• Continuing with our current plans. Maintaining our current operational plans and future equipment programs means lowering our national ambitions to simply the defense of the Australia. This ‘back to the future’ approach implies abandoning Southeast Asian nations to do the best they can as China rises and its sphere of influence expands. Strategically, this shifts the burden of conducting offensive air operations onto our American ally. While we could contribute by providing a safe base area in any conflict in which the skies were seriously contested, this level of involvement wouldn’t give us much influence on overall allied strategy or in any war-termination negotiations. Our current air superiority plans doom us to being a bit player.
  • Going ‘air defense heavy.’ This option changes our current capability development plans to stress air defense. A start would include acquiring significant numbers of advanced surface-to air missiles and sensors for integrated air and missile defense, changing our F-35 upgrade plans, and focusing on making airbases more resilient. Strategically, the ‘air defense heavy’ approach would allow Australia to remain deeply engaged in Southeast Asia and make a meaningful—perhaps decisive—contribution in times of serious conflict. Because this approach is less reliant on US support, it would allow us to mount independent operations in an area critical to our future. This has some echoes with the Pacific War’s later stages, when the US relied on Australian forces to conduct operations in Borneo while it focused on the Philippines and beyond.
  • Rebuilding our strike capability. This option entails adjusting our current plans to focus on reconfiguring our strike capability to be effective in contested airspace beyond 2030. We’d also need to make a limited investment in integrated air and missile defense. The USAF study mentioned earlier foresees the F-35 losing its strike role at the end of the next decade and then becoming an air defense fighter—taking the ‘strike’ out of ‘Joint Strike Fighter.’ This applies to all of the elements that comprise the ADF’s strike capabilities, not just to the F-35. If we want to maintain a genuine strike capability into the future, we need to take positive steps to do so. But this won’t be easy or low cost—or maybe even doable.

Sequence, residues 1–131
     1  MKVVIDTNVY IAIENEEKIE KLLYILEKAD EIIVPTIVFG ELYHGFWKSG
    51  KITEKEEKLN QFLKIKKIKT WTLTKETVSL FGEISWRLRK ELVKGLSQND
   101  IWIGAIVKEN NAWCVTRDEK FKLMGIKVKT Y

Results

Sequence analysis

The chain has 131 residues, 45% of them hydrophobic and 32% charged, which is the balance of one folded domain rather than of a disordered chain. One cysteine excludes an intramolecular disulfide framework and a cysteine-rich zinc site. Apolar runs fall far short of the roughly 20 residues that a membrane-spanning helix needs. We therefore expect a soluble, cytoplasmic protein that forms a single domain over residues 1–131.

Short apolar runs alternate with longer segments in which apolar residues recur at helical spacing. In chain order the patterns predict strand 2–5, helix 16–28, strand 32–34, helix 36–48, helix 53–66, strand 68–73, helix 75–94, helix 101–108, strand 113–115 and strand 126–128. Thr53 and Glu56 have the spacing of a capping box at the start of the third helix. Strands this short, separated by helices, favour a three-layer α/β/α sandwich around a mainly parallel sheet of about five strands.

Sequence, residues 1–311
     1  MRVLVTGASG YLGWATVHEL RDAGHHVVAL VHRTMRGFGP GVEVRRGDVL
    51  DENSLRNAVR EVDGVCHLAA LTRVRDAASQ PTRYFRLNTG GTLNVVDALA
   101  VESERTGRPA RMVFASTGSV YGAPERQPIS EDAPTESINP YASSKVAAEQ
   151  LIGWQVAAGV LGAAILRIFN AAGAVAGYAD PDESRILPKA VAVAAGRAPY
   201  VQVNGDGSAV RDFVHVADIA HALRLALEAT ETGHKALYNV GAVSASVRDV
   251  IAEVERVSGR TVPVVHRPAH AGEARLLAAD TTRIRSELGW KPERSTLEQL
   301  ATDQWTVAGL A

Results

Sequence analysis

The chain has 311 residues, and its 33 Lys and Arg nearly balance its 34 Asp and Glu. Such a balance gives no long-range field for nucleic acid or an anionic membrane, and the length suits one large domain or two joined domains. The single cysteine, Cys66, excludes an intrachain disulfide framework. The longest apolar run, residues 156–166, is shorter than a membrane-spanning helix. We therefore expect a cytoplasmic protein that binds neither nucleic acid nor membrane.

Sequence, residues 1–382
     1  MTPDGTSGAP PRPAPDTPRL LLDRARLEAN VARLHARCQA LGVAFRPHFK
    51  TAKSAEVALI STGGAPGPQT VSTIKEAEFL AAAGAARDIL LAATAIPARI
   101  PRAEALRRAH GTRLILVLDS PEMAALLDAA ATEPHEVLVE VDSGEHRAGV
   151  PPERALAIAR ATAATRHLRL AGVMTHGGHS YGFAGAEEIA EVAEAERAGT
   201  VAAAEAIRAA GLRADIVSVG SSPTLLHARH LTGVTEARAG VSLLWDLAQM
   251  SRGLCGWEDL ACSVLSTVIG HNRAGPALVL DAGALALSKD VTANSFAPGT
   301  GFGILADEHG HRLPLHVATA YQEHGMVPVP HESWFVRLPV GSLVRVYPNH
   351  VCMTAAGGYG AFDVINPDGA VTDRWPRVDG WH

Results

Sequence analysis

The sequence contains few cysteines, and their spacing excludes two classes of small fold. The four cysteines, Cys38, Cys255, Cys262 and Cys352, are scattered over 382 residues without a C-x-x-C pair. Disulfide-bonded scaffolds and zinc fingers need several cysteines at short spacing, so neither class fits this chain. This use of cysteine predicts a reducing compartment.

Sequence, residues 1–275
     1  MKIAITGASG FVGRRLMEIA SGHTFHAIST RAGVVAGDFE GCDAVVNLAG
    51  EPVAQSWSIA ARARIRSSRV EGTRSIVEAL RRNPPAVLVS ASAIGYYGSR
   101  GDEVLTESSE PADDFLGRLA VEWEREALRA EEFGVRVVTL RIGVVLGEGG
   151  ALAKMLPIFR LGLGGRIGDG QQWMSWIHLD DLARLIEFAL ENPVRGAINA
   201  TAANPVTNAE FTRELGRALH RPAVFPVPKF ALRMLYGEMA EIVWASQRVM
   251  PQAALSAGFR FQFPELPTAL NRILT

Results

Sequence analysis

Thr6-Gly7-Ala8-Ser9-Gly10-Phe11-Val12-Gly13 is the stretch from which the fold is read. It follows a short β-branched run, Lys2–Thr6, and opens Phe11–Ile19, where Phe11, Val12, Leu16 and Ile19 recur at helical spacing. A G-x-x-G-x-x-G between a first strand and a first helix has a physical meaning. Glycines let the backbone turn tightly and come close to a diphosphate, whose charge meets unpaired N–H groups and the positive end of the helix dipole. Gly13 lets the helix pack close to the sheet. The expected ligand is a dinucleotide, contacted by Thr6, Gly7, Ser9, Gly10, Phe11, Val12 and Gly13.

In broad terms, the status quo ‘defense of Australia’ option implies burden-shifting onto the US, the ‘air defense heavy’ approach implies a reduced dependency on the US—perhaps lessening America’s burdens—while the rebuilding of our strike capability implies continuing to share the burden with the US in major ‘must-win’ wars past 2030.

Air superiority may seem narrowly technical, but it can have a significant impact on the range of strategies that can realistically be considered. It’s time for a big air-superiority rethink.

Dr. Peter Layton, PhD is a Visiting Fellow at the Griffith Asia Institute, Griffith University. He has extensive aviation and defense experience, and for his work at the Pentagon on force structure matters was awarded the US Secretary of Defense’s Exceptional Public Service Medal. He has a doctorate from the University of New South Wales on grand strategy and has taught on the topic at the Eisenhower College, US National Defense University. He is the author of the book Grand Strategy Email:

The views expressed are those of the author and do not necessarily reflect the official policy or position of the Department of the Air Force or the U.S. Government.